The biggest contribution of Mack Sennett, the father of silent film comedy, was the creation of Keystone Kops, the band of bungling comedians who were popular not only in the U.S. but also across the world. They have inspired many comedians in India such as Mehmood, Johnny Walker and Vadivelu.
The Keystone Kops were fictional, incompetent policemen who featured in silent film comedies in the early 20th century. The movies were produced by Mack Sennett by his Keystone Film Company between 1912 and 1917. Their first film was Hoffmeyer's Legacy (1912), but their popularity grew with the 1913 short film, The Bangville Police, starring the lovely Mabel Normand.
The expression ‘Keystone Kops’ became so famous that it found mention in many classic dictionaries of the English language. The celebrated Oxford Dictionary carries an entry that reads, ‘Keystone Kops: bumbling police characters in films made by Keystone, a US film company formed in 1912, remembered for its silent slapstick comedy films.’
The Encyclopaedia Britannica too carries an entry about the famous band of bunglers. “Keystone Kops, in silent-film comedies, insanely incompetent police force, dressed in ill-fitting, unkempt uniforms that appeared regularly in Mack Sennett’s comedy movies.”
The famous actors who appeared as the bungling band of baton-waving cops included Roscoe ‘Fatty’ Arbuckle, Al St. John, James Finlayson, Ford Sterling, Buster Keaton, Chester Conklin, Edgar Kennedy, and Charlie Chaplin.
Roscoe Arbuckle, popularly known as ‘Fatty’ Arbuckle (he weighed 12 pounds when he was born), was the first star to emerge from the famous Keystone Kops band. In spite of his increasing bulk, he was exceptionally agile with his body and hands. Sample this: He acts as a waiter in one film. He has his back to the customers and faces a shelf with plates and dishes. He throws a sandwich at a rich lady’s plate without looking at it and it lands right in the middle of the plate much to the lady’s astonishment.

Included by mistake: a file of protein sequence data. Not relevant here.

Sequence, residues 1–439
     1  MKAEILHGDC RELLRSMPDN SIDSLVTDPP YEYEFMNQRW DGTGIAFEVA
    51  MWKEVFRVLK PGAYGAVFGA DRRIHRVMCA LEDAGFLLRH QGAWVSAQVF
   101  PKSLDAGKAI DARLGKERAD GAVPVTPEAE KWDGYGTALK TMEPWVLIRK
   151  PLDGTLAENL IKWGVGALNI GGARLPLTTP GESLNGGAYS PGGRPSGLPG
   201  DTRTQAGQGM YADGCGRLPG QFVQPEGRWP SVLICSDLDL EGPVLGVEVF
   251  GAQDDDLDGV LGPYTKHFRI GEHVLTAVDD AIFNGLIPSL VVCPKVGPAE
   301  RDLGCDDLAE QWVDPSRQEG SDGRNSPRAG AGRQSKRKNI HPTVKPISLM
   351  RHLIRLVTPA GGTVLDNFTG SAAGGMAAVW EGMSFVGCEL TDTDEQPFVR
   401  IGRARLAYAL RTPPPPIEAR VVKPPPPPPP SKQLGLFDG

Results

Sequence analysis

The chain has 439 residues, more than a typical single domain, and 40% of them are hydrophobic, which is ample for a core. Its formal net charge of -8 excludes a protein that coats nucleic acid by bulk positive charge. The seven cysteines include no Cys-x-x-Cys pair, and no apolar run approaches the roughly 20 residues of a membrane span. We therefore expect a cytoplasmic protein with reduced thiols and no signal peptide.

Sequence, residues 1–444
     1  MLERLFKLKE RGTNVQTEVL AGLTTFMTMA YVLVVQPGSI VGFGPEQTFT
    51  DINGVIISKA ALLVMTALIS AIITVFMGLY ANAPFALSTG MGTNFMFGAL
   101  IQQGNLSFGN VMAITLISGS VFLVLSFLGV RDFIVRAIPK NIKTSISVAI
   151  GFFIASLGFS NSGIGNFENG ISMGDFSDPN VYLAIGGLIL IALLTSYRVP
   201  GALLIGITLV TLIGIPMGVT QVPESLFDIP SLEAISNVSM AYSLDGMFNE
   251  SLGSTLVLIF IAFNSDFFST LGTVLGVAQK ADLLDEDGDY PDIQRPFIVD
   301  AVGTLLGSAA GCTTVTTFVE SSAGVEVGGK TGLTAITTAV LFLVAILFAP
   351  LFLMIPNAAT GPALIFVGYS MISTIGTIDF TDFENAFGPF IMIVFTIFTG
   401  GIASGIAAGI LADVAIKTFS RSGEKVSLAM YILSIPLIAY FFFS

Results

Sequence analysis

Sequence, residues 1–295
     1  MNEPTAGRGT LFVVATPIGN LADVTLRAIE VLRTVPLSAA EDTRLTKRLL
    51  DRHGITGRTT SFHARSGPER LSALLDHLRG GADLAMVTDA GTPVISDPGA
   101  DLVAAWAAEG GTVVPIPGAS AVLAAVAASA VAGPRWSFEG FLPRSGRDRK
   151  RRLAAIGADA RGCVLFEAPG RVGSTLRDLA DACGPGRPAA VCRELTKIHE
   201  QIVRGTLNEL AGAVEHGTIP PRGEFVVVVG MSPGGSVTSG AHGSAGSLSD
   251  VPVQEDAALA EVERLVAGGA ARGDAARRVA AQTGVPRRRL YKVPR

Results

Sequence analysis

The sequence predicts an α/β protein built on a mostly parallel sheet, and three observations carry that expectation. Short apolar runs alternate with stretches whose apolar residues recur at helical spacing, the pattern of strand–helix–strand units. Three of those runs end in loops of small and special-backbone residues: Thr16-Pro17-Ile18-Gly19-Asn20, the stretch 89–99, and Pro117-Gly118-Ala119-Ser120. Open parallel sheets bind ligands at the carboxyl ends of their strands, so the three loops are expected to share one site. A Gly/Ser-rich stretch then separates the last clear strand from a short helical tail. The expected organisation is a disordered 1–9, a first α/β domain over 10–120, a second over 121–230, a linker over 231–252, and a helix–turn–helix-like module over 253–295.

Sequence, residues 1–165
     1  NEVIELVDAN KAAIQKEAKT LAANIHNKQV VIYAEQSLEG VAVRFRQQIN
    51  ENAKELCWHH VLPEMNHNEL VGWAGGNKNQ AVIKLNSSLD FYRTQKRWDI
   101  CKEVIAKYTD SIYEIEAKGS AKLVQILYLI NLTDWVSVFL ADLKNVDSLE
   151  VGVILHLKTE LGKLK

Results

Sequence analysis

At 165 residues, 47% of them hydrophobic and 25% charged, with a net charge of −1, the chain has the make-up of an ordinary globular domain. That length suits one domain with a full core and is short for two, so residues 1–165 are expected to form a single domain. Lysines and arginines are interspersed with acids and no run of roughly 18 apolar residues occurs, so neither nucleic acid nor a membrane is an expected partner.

He was the first comedian who introduced the now clichéd comedy business of cream-pie throwing, which at one time was a ‘must’ in any American slapstick. Arbuckle was an expert at pie-throwing. Many movies made during Hollywood’s Golden Era had pie-throwing as their theme, including the legendary Laurel and Hardy’s full-length film The Battle of the Century. (For some reason, pie-throwing did not find favour in Indian cinema. A noted director tried it in a Tamil film, making the actors throw rava uppuma at one another. It did not go down well with either audience or critics. No one tried it after that.)
Arbuckle was born on March 24, 1887 in Smith Center, Kansas, and passed away when he was only 46 in New York from a heart attack. The reason for his early death was the two trials for alleged murder and the consequent destruction of his career and life.
At the pinnacle of his fame, Arbuckle regretfully got involved in a sex scandal that rocked Hollywood, completely smashing his life and career. He was accused of the rape and murder of actress Virginia Rappe in a hotel room. He was found not guilty, but the damage was done and the prudish social boycott against him began. Hollywood companies paying a fortune for his films withdrew them from circulation, killing his career. Many books have been written about the trials and how he was crucified by the American public of that prudish era. To make a living, he began to direct cheap comedies under the name ‘Will B. Good’.
Fatty Arbuckle is still remembered by moviegoers in the U.S. and the Western world as one of the greatest masters of raising laughter without uttering a single word.